When inventor Saul Griffith arrived at MIT in 1999, he encountered a problem no other Ph.D. student faced. Where to kitesurf? “Without other options, I became the first person to kitesurf on the Charles River,” says Griffith, 35. “And, yes, it was just as terrible as you’d imagine.” Now he’s tackling a slightly bigger issue: the global energy crisis. The folks at Google have kicked in $15 million to his clean-energy company, Makani Power, and the MacArthur Foundation tapped him in 2007 for a prestigious $500,000 “genius” fellowship. His hobby, it seems, has paid off. Griffith and his colleagues at Makani are now developing huge, wing-shaped kites to harness the energy of high-altitude air—which is much stronger and more consistent than the ground-flow breezes that traditional windmill-based turbines rely on. The concept is simple: The yo-yo effect of the kite being pulled in and out by the wind churns a turbine and creates energy. But for every advance, Griffith says, he’s realized there’s a drawback. “Now whenever the wind blows, I have to go test our technology—and not go kiting.”
THE BRUSH (Altitude: 60'): American Charles F. Brush was the first to design an automatic wind turbine, in 1887. The giant cedar contraption powered his 17-room mansion for 20 years.
THE WINDMILL (Altitude: 262'):Indiana’s Fowler Ridge I, one of the largest wind farms in the U.S., operates 222 turbines, each of which produces enough energy to power some 365 households.
THE KITE (Altitude: 4,100'): In 2007 Dutch scientists debuted a kite capable of powering five homes. But soon they plan to test this “Laddermill,” which they say could power 50 houses.
THE MAKANI (Altitude: 31,680'):Makani has kept its design under wraps, but Griffith says the kites could fly six miles high and produce enough energy for 100,000 homes.—Andrea Minarcek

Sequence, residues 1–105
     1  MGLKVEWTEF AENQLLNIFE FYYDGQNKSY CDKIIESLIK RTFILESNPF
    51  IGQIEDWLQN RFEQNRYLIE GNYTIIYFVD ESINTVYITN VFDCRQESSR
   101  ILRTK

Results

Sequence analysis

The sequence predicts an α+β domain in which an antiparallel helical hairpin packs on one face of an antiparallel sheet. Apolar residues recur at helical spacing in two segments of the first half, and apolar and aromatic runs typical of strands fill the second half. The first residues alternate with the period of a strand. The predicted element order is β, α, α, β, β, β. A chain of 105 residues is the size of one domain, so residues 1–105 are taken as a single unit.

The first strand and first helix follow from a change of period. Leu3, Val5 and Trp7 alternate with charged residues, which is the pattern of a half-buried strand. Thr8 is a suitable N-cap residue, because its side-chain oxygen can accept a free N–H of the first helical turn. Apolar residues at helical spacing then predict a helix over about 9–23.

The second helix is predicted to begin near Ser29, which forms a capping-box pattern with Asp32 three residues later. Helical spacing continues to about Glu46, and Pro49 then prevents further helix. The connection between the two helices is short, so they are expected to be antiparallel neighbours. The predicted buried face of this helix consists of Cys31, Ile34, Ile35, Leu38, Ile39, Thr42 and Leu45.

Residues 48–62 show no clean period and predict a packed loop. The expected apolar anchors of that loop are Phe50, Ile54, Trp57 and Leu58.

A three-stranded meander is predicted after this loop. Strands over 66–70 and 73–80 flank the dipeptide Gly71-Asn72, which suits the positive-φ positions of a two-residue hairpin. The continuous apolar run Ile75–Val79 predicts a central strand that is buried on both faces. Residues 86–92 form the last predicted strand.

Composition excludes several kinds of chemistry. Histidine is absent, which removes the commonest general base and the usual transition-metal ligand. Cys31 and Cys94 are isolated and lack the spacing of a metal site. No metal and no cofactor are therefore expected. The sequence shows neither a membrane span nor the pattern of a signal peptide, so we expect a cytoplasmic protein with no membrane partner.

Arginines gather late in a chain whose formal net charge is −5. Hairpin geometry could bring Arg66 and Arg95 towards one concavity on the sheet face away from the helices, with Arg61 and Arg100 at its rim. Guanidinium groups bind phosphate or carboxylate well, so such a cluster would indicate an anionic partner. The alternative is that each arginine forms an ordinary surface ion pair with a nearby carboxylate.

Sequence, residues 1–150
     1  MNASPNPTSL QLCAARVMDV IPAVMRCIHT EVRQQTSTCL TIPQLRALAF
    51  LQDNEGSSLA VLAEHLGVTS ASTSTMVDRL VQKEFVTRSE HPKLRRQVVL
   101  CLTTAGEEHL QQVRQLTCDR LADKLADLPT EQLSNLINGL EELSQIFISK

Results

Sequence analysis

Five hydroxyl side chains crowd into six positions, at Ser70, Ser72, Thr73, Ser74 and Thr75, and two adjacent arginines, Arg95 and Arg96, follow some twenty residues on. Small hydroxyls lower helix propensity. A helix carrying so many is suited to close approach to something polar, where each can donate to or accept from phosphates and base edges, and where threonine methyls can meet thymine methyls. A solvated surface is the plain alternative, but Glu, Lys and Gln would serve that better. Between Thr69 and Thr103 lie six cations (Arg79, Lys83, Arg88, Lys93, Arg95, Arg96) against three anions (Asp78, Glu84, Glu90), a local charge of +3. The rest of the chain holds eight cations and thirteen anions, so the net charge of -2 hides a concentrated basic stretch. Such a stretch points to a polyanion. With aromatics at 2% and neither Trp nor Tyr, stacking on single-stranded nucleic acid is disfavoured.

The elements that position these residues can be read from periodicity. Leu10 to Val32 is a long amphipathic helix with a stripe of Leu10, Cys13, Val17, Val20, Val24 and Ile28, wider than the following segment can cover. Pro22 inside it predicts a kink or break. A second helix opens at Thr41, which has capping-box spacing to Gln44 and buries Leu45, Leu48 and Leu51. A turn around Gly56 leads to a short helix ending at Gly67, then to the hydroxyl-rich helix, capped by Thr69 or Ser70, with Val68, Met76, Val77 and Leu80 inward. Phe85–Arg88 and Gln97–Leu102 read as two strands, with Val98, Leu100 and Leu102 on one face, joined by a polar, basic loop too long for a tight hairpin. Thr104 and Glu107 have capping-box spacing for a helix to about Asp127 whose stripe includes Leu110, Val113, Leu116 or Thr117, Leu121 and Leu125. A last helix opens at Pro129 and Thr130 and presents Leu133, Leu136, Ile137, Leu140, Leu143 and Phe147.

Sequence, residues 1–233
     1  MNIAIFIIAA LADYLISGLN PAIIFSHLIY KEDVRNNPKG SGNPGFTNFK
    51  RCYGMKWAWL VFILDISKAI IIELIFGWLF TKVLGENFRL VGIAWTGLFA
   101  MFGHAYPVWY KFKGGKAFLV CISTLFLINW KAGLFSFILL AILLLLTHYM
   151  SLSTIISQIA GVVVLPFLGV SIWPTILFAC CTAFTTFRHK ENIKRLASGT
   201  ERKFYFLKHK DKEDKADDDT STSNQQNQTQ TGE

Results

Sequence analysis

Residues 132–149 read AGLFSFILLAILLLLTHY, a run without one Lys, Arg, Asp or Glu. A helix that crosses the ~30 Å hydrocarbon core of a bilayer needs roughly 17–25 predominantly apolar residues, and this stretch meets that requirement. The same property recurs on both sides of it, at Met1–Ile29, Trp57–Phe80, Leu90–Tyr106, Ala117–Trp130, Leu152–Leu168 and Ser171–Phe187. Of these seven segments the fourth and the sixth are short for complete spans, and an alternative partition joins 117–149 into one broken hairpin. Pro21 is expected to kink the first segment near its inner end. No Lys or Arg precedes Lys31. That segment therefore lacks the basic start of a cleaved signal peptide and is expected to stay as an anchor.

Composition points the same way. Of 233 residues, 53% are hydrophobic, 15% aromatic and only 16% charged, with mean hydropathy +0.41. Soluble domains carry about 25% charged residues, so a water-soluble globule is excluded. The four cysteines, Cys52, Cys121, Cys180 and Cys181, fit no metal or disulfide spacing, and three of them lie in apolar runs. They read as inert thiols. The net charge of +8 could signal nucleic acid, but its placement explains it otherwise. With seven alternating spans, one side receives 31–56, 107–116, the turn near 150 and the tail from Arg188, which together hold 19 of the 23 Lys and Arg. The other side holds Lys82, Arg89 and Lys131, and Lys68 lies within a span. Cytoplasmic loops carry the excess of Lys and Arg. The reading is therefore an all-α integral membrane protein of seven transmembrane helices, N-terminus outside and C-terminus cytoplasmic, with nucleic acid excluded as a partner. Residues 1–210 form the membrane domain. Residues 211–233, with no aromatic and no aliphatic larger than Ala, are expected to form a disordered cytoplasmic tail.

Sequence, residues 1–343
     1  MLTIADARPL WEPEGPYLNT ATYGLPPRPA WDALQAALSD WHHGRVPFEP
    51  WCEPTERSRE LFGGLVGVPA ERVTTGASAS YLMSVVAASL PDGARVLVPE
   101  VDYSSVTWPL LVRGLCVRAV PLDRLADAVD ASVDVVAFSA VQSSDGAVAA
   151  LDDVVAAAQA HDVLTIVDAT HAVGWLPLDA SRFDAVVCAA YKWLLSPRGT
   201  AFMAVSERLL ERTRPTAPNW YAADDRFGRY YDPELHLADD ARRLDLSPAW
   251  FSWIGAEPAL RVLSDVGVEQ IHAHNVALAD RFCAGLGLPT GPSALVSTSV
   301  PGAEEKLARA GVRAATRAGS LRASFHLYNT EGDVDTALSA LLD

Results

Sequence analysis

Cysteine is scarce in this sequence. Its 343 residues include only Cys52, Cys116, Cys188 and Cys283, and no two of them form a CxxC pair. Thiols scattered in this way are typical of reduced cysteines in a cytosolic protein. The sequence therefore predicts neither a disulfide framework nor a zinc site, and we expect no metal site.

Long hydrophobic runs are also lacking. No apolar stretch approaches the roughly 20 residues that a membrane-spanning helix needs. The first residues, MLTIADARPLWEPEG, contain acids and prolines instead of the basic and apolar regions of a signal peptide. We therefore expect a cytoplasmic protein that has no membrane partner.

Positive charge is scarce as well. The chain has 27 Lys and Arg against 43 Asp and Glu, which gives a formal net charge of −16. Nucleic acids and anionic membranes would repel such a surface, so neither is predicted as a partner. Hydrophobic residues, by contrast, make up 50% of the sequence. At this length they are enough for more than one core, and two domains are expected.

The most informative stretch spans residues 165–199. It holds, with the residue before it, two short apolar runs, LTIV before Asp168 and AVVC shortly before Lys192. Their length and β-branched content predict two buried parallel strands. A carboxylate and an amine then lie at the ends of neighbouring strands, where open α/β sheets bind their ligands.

Earlier this summer, National Geographic/Waitt grantee Albert Lin loaded up some horses and struck out for an uncharted region of Mongolia. Among his supplies: a month’s provisions, warm sleeping bags, and two unmanned aerial vehicles (UAVs).
Once reserved for top-secret military operations, UAVs are opening new frontiers for scientists and explorers. Lin, who is searching for the tomb of Genghis Khan, used his UAVs to survey a thousand square miles with infrared cameras. The digital images will reveal variations in ground heat signals, possibly indicating Khan’s burial site. “We just program in a flight path and wait for it to come back,” he says. “If we want to fly manually, there’s a live streaming camera on the front of the bird.”
According to Gene Robinson, founder of RP Flight Systems, civilian applications for UAVs include search and rescue, border patrol, and wildfire fighting. The craft, some lighter than four pounds and with wingspans as small as one foot, can be fitted with any number of cameras and sensors and programmed to look for almost anything. “At a demo in Mexico,” says Robinson, “we caught a kidnapping and a cop taking a payoff.” —Cliff Ransom
Founded by a NASA engineer in 1985, Revo has long been known for its high-tech shades. Then along came Oakley. In 2007 Revo’s parent company bought the king of sport-lens technology, and the brands swapped secrets. The result? One fine pair of glasses: the Flex Rise. With a single layer of material (vs. the standard three), its impact-resistant polarized lenses are superclear, and its Bio-Titanium frames are so light you’ll forget they’re on your face ( revo.com).
First, it was the impossible dream of navigators like Captain Cook. Then, the province of icebreakers. Now the Northwest Passage embarks on its third phase: slightly chilly cruising destination.
“It used to be, looking at the ice charts, this wasn’t something we could reasonably get through,” says Clayton Andersen, marketing director for Adventure Canada, which has been sending tourists to the high Arctic for 20 years. However, the last three summers have seen sea ice at record lows in Canada’s Arctic Archipelago, prompting the veteran polar outfitter to launch its first Northwest Passage voyage on August 21.